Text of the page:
January 2018: Year of Prayer
We do not ordinarily ask for or make resolutions for the beginning of the New Year. This year We are making an exception. Let us make 2018 the Year of Prayer.
The Church runs on prayer.
The success of the Pope in accomplishing his task depends not on the abilities and talents God has given Us. No, it depends on the prayers of the members of the Church. Your prayers are essential to the Church.
In a book, 'The Living Presence', we read: “Pope Pius IX said on one occasion: 'Give me an army to spend its time on the battlefield of prayer and I will conquer all those who oppose me.' The greatest battles won over the powers of darkness have been gained by the praying army of the Church.”
We do not win this battles by what we say, but by the way we live and how we pray before Almighty God. This is not a 'war of words', but a battle with The Enemy. As Saint Paul says: “For our wrestling is not against flesh and blood; but against principalities and power, against the rulers of the world of this darkness, against the spirits of wickedness in the high places.” (Ephesians 6:12)
Saint Joseph Cafasso writes: “Take away prayer, and you will at the same take away all intercourse between heaven and earth, between God and man.” This is the goal of The Enemy, to take away prayer. And if he cannot take it away, he wants to render it useless.
The Prophet Isaias tells us: “And the Lord said: Forasmuch as this people draw near me with their mouth, and with their lips glorify me, but their heart is far from me, and they have feared me with the commandment and doctrines of men: Therefore behold I will proceed to cause an admiration in this people, by a great and wonderful miracle: for wisdom shall perish from their wise men, and the understanding of their prudent men shall be hid.” (Isaias 29:13-14)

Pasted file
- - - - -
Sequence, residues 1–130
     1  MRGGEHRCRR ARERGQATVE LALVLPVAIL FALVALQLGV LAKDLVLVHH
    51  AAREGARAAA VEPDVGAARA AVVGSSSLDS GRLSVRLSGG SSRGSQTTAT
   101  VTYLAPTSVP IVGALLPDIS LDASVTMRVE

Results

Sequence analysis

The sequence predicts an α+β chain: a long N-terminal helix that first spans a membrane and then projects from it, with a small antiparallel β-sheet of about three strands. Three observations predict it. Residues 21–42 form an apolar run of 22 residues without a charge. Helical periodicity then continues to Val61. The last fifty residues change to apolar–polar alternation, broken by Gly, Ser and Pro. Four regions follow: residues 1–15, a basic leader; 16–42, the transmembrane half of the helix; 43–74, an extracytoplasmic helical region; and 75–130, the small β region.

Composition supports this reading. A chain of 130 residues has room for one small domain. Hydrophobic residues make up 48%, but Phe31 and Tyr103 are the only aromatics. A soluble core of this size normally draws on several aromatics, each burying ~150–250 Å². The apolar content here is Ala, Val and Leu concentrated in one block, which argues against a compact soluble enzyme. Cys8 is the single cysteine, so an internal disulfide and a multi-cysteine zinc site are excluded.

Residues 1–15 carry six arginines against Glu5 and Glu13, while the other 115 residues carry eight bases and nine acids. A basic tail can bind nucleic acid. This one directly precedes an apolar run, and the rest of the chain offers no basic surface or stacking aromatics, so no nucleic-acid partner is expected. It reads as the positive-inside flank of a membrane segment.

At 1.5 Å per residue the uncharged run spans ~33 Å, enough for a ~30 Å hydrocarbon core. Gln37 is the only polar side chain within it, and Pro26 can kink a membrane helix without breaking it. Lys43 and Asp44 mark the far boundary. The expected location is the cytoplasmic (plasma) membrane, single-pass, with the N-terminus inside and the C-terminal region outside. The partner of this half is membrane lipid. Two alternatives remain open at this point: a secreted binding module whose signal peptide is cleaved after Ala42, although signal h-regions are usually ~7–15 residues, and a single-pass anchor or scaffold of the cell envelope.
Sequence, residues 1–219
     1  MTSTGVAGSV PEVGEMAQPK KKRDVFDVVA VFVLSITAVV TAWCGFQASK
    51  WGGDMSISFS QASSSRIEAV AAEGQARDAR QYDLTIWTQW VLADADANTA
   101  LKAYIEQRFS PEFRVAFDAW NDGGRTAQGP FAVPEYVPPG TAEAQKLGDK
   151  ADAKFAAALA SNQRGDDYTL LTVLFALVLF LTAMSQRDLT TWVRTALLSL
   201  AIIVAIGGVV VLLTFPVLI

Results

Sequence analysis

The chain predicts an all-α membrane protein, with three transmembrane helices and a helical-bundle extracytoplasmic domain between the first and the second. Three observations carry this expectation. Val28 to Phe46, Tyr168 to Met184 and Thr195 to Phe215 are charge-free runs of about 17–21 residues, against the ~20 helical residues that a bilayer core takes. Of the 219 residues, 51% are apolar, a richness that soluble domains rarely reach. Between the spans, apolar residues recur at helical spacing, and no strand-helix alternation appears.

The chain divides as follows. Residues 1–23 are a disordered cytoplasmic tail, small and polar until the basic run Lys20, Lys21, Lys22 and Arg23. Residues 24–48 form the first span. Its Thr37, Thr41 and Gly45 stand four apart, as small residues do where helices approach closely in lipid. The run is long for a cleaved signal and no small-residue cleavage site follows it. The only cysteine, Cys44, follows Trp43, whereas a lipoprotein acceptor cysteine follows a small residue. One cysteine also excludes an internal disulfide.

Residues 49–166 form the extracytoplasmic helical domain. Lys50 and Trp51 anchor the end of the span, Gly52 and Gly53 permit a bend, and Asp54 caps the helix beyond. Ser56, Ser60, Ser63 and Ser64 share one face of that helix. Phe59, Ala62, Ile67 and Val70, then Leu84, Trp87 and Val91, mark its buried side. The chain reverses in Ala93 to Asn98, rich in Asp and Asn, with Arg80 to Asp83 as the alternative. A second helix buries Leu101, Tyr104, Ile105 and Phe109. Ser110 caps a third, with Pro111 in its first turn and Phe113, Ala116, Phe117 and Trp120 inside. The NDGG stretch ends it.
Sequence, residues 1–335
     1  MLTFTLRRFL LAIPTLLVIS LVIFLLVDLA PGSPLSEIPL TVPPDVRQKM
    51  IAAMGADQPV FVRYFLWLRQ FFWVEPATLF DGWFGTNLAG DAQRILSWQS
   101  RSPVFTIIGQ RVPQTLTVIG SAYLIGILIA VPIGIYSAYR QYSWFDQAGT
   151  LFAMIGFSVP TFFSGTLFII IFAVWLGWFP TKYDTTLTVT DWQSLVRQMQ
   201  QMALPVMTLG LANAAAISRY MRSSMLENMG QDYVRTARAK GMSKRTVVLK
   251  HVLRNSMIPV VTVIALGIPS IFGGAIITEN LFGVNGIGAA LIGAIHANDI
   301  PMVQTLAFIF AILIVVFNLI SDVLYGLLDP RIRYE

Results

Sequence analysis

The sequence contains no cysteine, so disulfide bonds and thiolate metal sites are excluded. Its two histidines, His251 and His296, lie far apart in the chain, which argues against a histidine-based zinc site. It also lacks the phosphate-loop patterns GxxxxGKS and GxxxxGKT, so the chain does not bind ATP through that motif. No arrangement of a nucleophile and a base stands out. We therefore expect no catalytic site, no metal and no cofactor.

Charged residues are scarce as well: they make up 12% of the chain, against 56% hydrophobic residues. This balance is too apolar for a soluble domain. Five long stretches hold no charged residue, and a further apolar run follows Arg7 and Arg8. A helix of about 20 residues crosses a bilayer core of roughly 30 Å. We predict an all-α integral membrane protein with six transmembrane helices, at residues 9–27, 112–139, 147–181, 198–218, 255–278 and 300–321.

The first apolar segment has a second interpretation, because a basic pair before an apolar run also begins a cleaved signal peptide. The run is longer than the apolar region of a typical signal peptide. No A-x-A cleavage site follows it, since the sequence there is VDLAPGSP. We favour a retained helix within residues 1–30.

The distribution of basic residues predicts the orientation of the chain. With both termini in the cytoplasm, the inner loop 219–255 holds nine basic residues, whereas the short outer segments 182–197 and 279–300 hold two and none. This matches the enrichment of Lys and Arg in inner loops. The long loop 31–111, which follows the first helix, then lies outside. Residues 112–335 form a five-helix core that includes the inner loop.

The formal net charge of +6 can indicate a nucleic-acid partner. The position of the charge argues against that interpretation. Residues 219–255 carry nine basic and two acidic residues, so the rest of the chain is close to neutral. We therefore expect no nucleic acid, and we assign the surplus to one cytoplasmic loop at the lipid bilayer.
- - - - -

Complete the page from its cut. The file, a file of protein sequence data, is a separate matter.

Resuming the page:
We need to pray not from our lips, but from our heart. During this year of prayer, let us pray from the heart for an end to the current crisis.
We would like to quote from one of Our staff: “God is looking for men and women even today in our land, who will stand in the gap for the Church - selfless people, who are not taken up with just their own needs, but who are concerned about God's work. Many believers think that sanctification means just the refinement of their personal conduct and behaviour. But true sanctification makes a person selfless like God is - or in other words, like Jesus."
“Many are willing to deny themselves and take up the cross if that will bring them some benefit - perhaps some spiritual benefit such as a place in the Bride of Christ finally - but still something for themselves. But if we were to ask ourselves, what we have denied ourselves solely for the benefit of others, we may discover that the answer is, 'Almost nothing'.”
There is never a time to ask: “what is in it for me?” Instead we should say: “Lord, what wilt thou have me to do?” (Acts 9:6) As we pray for the needs of the Church; let us also ask God what He wants us to do to help His holy Church.
And so, let us pray,